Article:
Showing posts from April, 2014

Half Marathon APESG - Race Report

I have absolutely enjoyed the Australasian Police and Emergency Services Games. Most years I get to compete in the state version, this year adds in competitors from around Australia and neighbouring countries and has created a new level. The level of competition stretches across all the sports from complete beginners to elite and everything in between. I've had the luxury to enjoy a lot of the track and field both as a competitor in the 5000m and as a spectator for the other events. The great culture amongst emergency service workers appears to be universal and delivers a friendly, but intense rivalry and competition.

My second and last event at these games was the half marathon. It was the race I was really aiming for. Not to take away from the 5000m, but my heart definitely was for the 21.1km. I do tend to favour the longer stuff. Plus with less than two months to my next marathon I probably need to be better at the longer event.

Conditions were great. A cool and sunny morning. …

5000m APESG - Race Report

With all my years of running, I would I don't have much experience on the track, and 5000m definitely hasn't ever been a feature. At the end of last year I was struggling to find any sort of speed in my legs. To find the improvements I wanted, the 5000m was the perfect event to put me out of my comfort zone.

From all around Australia and from New Zealand, across the various emergency services 33 lined up on the blue at Lakeside Stadium. In my Ambulance Victoria colours I felt as ready as I could be. There was clearly a vast range of abilities and it was too hard to tell pre-race who would be at the pointy end. I was happy to see fellow ambo and semi-regular rival Mark Clarence in the mix.

We all crowded the start line, but once the gun sounded the spaces opened up immediately. Looks like my recent training had dialled in the pace and I moved through the first 1000m right on 3:36 as planned. This was my opening bench mark, setting up a reasonable first kilometre and allowing ev…

Peak Versus Taper

Leading into the Australasian Police & Emergency Services Games, I was a little conflicted with how to lead in. I want to race at my best, but I know if I went in with a full taper then my preparation for the marathon to follow would suffer. Not because of any lost training sessions, more so because if I hit a true peak in performance, then there is very likely a slump to follow. So I took an approach that hopefully still has me performing well without carrying undue fatigue through my races and still has me improving in the weeks afterwards. As usual, what went on paper ended up a bit different when it came to putting the runners on.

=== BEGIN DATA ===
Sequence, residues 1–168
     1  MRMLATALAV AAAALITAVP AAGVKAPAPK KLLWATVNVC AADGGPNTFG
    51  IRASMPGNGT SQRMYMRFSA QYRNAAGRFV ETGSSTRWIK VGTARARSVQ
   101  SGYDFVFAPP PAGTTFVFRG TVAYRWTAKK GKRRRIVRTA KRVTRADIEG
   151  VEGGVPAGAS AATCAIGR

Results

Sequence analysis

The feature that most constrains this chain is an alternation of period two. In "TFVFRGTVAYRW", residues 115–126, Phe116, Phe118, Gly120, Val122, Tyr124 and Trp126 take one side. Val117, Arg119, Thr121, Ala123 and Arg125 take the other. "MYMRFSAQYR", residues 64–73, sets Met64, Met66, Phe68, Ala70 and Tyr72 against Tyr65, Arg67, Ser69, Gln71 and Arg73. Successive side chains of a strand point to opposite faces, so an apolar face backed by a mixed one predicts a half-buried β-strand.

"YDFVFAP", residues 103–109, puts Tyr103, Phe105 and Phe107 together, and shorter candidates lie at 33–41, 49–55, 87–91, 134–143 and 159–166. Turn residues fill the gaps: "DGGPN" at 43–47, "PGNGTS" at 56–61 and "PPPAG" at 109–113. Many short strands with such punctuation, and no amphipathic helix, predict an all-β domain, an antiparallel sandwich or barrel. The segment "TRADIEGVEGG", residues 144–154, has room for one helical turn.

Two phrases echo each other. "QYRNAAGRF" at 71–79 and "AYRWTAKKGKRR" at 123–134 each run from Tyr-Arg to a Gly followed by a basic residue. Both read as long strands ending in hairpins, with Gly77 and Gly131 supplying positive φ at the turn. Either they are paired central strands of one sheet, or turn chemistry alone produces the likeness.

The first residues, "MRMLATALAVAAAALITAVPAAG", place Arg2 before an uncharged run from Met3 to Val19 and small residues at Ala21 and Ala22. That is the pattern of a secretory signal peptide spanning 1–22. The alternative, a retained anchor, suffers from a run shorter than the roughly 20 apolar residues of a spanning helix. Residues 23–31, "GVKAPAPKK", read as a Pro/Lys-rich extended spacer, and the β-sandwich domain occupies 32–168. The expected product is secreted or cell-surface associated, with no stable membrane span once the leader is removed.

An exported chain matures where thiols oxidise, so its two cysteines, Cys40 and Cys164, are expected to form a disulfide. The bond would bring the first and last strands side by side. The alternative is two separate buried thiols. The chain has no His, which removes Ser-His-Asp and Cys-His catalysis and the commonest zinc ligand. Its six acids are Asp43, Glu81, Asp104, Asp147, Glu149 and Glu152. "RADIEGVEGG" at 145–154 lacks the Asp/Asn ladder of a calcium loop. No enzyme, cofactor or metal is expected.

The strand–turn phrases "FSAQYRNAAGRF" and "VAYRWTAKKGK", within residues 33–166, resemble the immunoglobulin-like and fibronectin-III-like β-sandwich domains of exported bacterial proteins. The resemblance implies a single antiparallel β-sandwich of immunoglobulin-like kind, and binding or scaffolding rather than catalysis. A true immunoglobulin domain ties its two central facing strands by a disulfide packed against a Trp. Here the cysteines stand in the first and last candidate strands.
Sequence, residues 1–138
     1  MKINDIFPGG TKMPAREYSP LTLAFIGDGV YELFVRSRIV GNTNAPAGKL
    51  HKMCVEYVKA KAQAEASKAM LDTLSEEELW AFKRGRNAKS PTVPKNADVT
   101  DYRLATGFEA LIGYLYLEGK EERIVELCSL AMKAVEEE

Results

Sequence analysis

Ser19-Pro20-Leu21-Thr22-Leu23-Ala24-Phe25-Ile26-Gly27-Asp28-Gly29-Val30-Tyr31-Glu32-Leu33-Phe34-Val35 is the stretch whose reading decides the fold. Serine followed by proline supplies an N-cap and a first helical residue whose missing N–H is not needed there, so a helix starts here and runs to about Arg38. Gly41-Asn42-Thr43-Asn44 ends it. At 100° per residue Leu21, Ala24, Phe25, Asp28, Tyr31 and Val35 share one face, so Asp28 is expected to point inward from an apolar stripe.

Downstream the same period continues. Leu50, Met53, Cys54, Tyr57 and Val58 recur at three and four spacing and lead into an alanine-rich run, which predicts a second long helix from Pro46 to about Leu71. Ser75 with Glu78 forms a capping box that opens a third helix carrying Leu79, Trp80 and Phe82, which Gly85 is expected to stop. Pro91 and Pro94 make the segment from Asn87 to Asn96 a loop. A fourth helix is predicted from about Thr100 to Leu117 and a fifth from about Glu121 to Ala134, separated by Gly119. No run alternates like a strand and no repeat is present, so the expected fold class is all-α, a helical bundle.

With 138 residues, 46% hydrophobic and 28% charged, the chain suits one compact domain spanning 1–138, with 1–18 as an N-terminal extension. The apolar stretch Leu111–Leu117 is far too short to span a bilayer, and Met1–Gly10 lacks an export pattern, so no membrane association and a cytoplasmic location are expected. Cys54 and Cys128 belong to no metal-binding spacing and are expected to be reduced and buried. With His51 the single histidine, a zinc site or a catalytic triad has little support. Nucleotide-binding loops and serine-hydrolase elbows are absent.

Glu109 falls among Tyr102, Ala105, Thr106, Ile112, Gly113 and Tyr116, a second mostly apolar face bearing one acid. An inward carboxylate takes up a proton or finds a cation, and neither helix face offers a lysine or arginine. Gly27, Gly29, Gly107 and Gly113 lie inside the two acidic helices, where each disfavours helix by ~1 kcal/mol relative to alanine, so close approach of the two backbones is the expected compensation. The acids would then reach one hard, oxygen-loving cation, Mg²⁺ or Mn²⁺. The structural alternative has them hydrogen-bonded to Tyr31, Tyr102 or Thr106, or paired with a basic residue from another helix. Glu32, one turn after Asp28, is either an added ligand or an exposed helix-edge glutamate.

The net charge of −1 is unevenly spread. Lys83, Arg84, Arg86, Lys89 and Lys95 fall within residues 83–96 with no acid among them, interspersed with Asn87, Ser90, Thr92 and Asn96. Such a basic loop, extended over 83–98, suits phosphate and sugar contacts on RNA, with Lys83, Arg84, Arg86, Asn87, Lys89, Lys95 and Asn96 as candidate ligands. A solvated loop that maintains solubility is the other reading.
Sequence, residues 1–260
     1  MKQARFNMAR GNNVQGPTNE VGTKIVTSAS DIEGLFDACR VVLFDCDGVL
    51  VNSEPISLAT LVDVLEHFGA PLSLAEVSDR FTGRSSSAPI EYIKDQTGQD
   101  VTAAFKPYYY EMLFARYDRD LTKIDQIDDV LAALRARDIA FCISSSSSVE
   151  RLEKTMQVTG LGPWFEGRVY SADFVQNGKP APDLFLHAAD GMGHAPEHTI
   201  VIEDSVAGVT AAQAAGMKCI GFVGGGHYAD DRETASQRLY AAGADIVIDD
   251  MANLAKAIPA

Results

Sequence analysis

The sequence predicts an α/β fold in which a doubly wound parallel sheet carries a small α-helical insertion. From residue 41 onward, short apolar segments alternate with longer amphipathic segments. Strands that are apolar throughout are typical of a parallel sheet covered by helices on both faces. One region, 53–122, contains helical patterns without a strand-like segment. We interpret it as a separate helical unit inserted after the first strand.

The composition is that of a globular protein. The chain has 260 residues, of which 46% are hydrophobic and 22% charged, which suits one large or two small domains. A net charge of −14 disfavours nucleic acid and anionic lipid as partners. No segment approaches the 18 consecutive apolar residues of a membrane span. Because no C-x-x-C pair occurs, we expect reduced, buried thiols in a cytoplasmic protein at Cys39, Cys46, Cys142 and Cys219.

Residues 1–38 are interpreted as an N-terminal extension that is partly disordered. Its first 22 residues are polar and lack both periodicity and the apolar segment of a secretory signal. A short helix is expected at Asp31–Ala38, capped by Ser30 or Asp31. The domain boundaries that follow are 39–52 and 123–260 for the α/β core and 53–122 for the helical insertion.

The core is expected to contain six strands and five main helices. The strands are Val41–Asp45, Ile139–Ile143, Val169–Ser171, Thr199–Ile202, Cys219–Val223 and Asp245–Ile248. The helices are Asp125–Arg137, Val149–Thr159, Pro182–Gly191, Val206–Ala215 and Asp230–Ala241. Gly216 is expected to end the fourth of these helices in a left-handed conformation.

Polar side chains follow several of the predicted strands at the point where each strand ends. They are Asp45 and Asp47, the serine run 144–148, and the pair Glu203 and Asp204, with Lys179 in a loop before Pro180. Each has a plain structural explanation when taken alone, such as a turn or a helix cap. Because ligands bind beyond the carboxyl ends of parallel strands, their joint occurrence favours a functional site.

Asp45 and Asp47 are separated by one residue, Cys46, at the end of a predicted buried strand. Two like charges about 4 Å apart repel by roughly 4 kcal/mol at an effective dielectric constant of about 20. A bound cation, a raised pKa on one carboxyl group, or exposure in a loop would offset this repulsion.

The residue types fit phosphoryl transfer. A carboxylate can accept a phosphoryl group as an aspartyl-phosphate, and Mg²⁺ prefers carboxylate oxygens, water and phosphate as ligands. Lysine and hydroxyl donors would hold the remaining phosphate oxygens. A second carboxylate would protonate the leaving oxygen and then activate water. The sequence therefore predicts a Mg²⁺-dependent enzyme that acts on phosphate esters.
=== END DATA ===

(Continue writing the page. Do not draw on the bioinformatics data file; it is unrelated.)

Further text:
This is what the previous two weeks of training has looked like:

Sat: 4x2km at 10km pace, with 400m jog recovery. Total 17km.

Sun: Easy 18km.

Mon: An attempted interval session, but realised I was getting sick (thanks to a sharing family), realised it wasn't going to happen. So ended up taking it easy for 12km.

Tue: Easy 11km

Wed: Feeling better, so h…

The Elusive Session

That hard, confidence building session. That fast and long set of intervals. The run that leaves you destroyed for the rest of the day, but once done you know you are ready to race.
They are planned ahead of time. On paper they look deceivingly simply, almost easy. You know there is a lot more behind the numbers, an x, a /, and an @. When training is going very well you look forward to these runs with an almost insatiable appetite. When it isn't going quite as well these runs come with a sense of trepidation.
Of course you don't have to match what is on paper. That is just a guide. A starting point. The essence of these sessions is to push your limits in a training context. You can try to predict those limits, but you don't know them for sure if you don't go past them. Sometimes, if you are lucky you surpass your prediction and you don't have to put the limit to a test. This is when you know you are ready. Other times, you fall well short of those predictions.
My buil…

The Power Of Hill Sprints

There are a number of elements that influence how well my training goes. One that seems to have a surprisingly large influence is the regular inclusion of hill sprints. In short, my training can go well without them, but everything goes so much better with them.

What are hill sprints?
You'd think just saying hill sprints would cover it, but no, it doesn't. Running terminology is all over the place with people claiming they sprinted for 5km or that they completed a 10km marathon. So I define a hill sprint as an all out effort, running up hill for a very short distance.  How far? Generally nothing that takes over 20 seconds, but usually 6-10 seconds. How steep? Whatever I have in front of me, variety of incline is good, but I'll opt for the steepest if there is a choice.
What's the point?
Well there's a few. First and foremost I get a training effect on the higher threshold, fast twitch muscle fibres that don't get recruited in the majority of my other training. It…